Posted by: biblioglobal | January 4, 2012

The Project

Some time ago, I read something somewhere about someone who decided to read a book from every country in the world. That seemed like a fun idea and it percolated in the back of my head for a while until I happened to be reading the book Apples are from Kazakhstan. I realized that I wasn’t that likely to read that many books set in Kazakhstan and decided that if I was going to try this project, now was probably a good time to start.

I initially had no intention whatsoever of writing a blog about it. After all, a quick Google search tells me that plenty of other people have blogged about this exact same project. However, enough family and friends have told me “Oh, you should make a blog about this!” with enough insistence, that I have been persuaded. Hopefully some of them will actually read this.

I plan to post responses to the books that I read and also assorted thoughts about the project as a whole. So far, I’ve read books for Kazakhstan, Iran, Morocco, and Azerbaijan. Posts for those should be coming shortly.

The rules:

  1.  A book can count for a particular country if it is either set in that country or written by an author from that country (or preferably both).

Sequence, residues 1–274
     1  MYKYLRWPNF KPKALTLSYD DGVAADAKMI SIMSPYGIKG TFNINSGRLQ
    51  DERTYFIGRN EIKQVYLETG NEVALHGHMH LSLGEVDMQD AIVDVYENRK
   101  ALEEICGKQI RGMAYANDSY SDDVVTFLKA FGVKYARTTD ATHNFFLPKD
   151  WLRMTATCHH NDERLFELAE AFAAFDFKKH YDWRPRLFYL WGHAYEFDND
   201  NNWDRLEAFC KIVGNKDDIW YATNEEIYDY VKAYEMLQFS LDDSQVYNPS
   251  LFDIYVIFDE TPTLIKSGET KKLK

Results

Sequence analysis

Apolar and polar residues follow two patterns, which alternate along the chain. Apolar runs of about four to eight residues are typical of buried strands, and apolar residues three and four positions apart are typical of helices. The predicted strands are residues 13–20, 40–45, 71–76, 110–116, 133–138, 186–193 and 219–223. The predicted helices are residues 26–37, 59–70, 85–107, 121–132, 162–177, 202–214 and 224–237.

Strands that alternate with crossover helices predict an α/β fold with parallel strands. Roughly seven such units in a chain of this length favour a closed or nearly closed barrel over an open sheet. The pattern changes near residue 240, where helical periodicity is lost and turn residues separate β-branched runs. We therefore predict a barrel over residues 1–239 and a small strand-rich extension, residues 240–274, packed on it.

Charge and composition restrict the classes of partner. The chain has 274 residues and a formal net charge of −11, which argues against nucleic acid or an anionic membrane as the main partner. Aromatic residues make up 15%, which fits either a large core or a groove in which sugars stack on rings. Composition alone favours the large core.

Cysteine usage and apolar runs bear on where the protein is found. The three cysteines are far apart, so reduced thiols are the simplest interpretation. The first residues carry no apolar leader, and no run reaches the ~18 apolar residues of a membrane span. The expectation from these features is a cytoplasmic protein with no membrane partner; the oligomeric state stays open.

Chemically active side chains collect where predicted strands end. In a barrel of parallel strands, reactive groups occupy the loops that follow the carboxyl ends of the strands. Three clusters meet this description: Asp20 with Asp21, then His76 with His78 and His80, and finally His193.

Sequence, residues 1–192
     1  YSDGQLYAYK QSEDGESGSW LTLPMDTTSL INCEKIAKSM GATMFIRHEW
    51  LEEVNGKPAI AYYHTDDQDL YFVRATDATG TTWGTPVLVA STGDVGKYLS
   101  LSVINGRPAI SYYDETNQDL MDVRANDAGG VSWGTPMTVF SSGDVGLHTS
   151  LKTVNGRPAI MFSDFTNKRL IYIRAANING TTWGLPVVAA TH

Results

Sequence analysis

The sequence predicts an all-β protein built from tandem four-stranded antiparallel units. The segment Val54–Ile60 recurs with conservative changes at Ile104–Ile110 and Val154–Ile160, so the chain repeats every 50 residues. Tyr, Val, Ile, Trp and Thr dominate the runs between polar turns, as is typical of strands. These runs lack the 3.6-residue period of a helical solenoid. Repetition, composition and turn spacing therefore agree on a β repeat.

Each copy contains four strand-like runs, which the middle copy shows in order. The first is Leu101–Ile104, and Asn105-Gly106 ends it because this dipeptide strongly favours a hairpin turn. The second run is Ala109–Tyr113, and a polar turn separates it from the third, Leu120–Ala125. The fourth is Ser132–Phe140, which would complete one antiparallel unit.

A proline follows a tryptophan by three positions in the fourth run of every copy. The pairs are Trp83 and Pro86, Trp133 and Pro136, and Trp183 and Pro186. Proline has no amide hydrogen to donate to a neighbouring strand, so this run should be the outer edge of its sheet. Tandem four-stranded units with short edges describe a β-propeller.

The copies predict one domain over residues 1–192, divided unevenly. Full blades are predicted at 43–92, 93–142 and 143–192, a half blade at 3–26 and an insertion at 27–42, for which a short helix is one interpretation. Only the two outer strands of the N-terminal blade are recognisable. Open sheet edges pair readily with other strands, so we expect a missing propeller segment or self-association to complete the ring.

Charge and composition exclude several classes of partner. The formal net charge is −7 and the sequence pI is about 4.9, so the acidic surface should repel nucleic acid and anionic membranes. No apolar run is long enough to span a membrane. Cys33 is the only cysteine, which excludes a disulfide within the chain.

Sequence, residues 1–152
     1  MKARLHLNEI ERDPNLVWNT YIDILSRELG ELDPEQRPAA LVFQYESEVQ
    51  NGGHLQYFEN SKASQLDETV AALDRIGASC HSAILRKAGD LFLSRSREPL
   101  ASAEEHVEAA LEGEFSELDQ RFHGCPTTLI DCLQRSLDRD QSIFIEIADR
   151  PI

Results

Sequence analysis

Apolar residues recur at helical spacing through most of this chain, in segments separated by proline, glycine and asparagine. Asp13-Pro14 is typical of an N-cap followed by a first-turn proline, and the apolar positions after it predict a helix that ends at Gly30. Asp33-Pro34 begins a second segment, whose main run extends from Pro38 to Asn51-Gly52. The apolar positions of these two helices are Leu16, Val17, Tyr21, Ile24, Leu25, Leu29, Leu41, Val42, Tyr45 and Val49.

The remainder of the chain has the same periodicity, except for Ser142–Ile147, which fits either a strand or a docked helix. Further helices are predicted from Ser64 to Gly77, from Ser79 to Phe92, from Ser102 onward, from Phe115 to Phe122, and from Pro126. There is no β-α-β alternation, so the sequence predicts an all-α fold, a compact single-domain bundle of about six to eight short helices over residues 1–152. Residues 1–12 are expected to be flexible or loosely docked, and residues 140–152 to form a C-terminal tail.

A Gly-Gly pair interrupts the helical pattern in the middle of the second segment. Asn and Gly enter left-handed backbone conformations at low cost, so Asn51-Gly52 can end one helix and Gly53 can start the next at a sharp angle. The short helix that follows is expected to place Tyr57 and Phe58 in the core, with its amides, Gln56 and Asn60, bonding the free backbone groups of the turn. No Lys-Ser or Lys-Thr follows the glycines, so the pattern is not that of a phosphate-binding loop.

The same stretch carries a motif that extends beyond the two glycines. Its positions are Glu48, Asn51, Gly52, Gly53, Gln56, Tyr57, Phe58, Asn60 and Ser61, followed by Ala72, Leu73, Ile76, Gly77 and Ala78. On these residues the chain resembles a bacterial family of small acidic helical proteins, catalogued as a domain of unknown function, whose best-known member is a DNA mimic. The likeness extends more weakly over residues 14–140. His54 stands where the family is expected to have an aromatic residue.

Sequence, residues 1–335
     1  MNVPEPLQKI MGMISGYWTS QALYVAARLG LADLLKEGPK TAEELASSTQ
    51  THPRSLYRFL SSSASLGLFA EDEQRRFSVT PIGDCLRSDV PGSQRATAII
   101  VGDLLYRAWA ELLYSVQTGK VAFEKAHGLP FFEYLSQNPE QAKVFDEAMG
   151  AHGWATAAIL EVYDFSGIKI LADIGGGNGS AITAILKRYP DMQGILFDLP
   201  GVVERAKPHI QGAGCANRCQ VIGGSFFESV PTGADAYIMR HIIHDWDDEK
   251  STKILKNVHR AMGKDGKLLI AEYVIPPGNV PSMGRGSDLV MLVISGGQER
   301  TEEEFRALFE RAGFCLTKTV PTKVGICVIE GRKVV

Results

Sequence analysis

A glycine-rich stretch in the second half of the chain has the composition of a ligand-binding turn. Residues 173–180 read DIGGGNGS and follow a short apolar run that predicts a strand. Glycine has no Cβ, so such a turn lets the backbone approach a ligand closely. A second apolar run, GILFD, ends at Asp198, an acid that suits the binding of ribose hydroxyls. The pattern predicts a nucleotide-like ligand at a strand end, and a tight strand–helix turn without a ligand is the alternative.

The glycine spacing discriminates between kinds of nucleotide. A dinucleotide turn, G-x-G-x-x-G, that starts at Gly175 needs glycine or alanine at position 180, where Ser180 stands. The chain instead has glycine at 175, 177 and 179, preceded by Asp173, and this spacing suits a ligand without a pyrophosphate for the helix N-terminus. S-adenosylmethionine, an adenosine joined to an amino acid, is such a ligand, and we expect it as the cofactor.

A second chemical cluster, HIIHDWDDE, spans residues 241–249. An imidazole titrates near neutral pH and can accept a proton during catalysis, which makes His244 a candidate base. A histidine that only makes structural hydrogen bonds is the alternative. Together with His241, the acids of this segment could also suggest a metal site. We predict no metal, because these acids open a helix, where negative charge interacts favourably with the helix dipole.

2. Only books that I’ve read in December 2011 or later will count. No retroactive countries! (Though I may make an exception for Kiribati. I’ve read a pretty good book set in Kiribati and it claimed that all the other books written about Kiribati were quite boring.)
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Responses

  1. Does re-reading count? I think the Kite Runner is extraordinary for Afghanistan.

  2. Nope, no re-reading allowed! The Kite Runner certainly would be a good choice if I hadn’t already read it.

    Actually, as I think about it, I can name five books that I’ve previously read that have been set at least partially in Afghanistan- Kite Runner, Thousand Splendid Suns, Charlie Wilson’s War, something about running a beauty school in Kabul, and Stones into Schools. It would seem that Afghanistan has actually been quite well represented in my reading! So I’m sure that I can find one more to read.

  3. What a great idea! I haven’t come across anyone doing this in the numerous book blogs I follow! I’ve added you to my RSS feed 😀

    • Thanks! I definitely stole the idea from someone else, although I can’t remember anymore where I found it.

  4. This is a really interesting idea, and I’ll be curious to see all the books you find for the different countries!

    • Thanks! Nice to find a fellow science grad student and reader.


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